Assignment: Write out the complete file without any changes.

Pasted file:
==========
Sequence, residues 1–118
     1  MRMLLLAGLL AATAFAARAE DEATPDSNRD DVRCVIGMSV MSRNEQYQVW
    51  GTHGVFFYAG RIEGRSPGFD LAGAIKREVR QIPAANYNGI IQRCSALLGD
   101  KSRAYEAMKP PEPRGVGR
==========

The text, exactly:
Sequence, residues 1–118
     1  MRMLLLAGLL AATAFAARAE DEATPDSNRD DVRCVIGMSV MSRNEQYQVW
    51  GTHGVFFYAG RIEGRSPGFD LAGAIKREVR QIPAANYNGI IQRCSALLGD
   101  KSRAYEAMKP PEPRGVGR